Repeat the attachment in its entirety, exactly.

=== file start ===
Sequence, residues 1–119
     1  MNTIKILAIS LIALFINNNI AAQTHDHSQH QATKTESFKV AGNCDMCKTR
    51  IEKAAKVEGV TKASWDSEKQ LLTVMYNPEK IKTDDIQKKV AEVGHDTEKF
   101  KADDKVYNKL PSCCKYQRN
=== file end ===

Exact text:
Sequence, residues 1–119
     1  MNTIKILAIS LIALFINNNI AAQTHDHSQH QATKTESFKV AGNCDMCKTR
    51  IEKAAKVEGV TKASWDSEKQ LLTVMYNPEK IKTDDIQKKV AEVGHDTEKF
   101  KADDKVYNKL PSCCKYQRN